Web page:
One graduate of the WISH Young Innovator Program is Adepeju Jaiyeoba from Nigeria, who created the Mother’s Delivery Kit as a cost-effective solution to providing expectant mothers with the products they need during childbirth. Jaiyeoba’s birth kits have proven to be an effective intervention that addresses pregnancy-related mortality, saving the lives of newborns and their mothers. To date, an estimated 100,000 birth kits have been distributed.

Jaiyeoba’s project was successful not just because it was frugal innovation, but because she was intimately aware of what users needed and how they could be served. The impetus for Jaiyeoba’s project came following the death of a friend due to pregnancy-related complications. Afdhal adds, “People think of innovation as high-tech, scientific, and costly, but cheaper, simpler interventions can often be a seed for something greater.”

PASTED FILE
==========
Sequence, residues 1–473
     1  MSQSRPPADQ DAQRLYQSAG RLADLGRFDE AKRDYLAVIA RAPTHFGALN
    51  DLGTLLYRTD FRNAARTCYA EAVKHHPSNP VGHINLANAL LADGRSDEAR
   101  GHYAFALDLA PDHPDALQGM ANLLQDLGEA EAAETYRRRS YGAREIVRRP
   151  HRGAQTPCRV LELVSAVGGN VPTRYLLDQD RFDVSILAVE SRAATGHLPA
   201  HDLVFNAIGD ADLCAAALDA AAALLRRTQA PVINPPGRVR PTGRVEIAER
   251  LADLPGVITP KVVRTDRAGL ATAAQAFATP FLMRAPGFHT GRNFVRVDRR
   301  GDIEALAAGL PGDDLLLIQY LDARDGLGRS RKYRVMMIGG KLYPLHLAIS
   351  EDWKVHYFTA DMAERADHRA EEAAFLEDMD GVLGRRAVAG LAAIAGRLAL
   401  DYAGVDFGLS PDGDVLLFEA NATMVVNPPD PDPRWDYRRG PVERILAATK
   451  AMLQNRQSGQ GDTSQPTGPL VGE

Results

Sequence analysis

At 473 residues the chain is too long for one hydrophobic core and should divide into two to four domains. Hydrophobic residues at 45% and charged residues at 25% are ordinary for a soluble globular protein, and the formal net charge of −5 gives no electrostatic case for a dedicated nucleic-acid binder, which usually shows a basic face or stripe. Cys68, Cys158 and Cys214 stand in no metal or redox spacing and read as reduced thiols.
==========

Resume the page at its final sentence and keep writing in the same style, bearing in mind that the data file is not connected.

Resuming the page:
To stay competitive in today’s marketplace, one approach that large corporations have taken is to invest considerable financial resources and talent toward dedicated innovation labs and Silicon Valley outposts. Despite glitzy promises, such projects often fail to deliver substantive impact. This is in part because even when such initiatives land upon good ideas, they don’t have the right mechanisms in place to apply those learnings at a broader level.

Dr Asmaa Al-Fadala, Director of Research and Content Development at WISE, says, “Innovative ideas remain as ideas if we do not act on them. That is why we focus on translating theory into practice.” To bridge the gap between innovation and application, it is crucial to identify best practices around the world, and provide the innovators with channels so that their message can reach important decision-makers.